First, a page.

SCL Meeting Report: ‘Back to Basics: Data Protection and Intellectual Property for IT Lawyers’

January 30, 2012

On 25 January 2012, at DLA Piper’s Leeds office, the SCL Northern Group held a session on Data Protection and Intellectual Property for IT Lawyers. The meeting was chaired by Stewart James, a partner at DLA Piper andChair of the SCL Northern Group. It included talks from three engaging and high quality speakers.

The first speaker was Samantha Livesey, a Partner at Pinsent Masons LLP. She gave a talk entitled ‘Data Protection Compliance: Back to Basics’. Samantha kicked off with a reminder of the basic principles of data protection law before turning to focus on more specific practical issues such as how to handle international data transfers, rules around electronic direct marketing and the practical risks of non-compliance. Samantha also discussed some of the latest developments in the field focusing on the new draft Data Protection Directive (published that day) and concluded that, whilst the proposed changes create a more onerous regime overall, it is clear that many of the changes (for example the right to be forgotten) reflect the need to bring privacy law into the digital age. Samantha rounded up her talk with an engaging interactive workshop which allowed everyone to test their new found data protection skills in relation to some common practical issues faced in this sphere.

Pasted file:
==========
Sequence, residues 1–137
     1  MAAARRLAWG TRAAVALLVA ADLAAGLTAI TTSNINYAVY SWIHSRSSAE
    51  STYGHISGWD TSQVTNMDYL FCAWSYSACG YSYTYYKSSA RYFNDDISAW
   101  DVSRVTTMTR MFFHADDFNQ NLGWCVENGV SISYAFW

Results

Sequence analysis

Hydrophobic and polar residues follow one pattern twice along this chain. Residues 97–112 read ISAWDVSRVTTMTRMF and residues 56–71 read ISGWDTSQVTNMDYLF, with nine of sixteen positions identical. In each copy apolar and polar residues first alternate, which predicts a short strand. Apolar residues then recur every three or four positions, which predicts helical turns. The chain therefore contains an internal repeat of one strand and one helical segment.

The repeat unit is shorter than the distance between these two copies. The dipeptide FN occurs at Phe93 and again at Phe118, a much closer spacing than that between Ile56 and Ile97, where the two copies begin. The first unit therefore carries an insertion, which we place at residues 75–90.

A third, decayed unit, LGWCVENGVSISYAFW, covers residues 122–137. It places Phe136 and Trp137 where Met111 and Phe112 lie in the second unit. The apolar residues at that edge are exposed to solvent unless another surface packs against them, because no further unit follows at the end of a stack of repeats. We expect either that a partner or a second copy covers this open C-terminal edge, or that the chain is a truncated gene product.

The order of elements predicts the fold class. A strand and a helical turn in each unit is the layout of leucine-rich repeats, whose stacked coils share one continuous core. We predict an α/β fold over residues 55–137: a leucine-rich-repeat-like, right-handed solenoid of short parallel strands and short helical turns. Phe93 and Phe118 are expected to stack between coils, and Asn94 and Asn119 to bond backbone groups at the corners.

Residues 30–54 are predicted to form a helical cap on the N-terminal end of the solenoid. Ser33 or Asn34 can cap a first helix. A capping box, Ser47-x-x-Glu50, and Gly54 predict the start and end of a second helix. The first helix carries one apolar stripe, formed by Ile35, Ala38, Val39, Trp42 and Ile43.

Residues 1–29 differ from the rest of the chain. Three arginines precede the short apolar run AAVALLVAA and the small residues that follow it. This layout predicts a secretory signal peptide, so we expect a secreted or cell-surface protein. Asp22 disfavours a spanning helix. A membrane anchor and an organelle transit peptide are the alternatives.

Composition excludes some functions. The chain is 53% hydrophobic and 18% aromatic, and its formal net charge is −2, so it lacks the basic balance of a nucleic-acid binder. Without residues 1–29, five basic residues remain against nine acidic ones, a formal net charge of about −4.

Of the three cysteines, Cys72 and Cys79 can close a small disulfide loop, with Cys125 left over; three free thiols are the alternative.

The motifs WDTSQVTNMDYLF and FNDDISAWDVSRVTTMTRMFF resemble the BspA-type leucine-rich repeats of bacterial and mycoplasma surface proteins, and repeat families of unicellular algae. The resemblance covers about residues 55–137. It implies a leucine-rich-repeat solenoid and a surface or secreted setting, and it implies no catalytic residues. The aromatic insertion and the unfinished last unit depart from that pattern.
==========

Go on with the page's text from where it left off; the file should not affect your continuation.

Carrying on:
Next, Dermot Maguire, Head of Intellectual Property UK and Ireland for Fujitsu Services Limited, talked us through IPR in IT from an in-house perspective. Dermot began by exploring the importance of IP in securing competitive advantage for businesses before taking us though a reminder on the basic principles of IP law within the IT sector. Dermot then turned to focus on the application of copyright to software and the role of confidentiality in protecting valuable IP before concluding with some practical tips on drafting software licences, non-disclosure agreements and the dangers of joint ownership of IP.

Finally Ian Robinson, a Partner at Appleyard Lees, gave a practical and engaging talk on software patents. Ian explained the advantages of patents over copyright protection, highlighting that, whilst copyright may be useful to protect software developers from former co-workers, it is less useful in protecting against competitors who may develop a competing product independently – thus undermining any allegations of copying. Ian also provided an insight into the different approaches adopted by patent offices in the UK, Europe and US, explained what makes software patents distinctive from other patents and explored whether there is still a place for patents within a pro-open source environment. Ian concluded by highlighting the advantages of building processes into software development businesses to ensure innovations are recognised in time and that appropriate protection can be put in place prior to release.

Jenny Wilson is a solicitor in the Intellectual Property & Technology Group at DLA Piper UK LLP.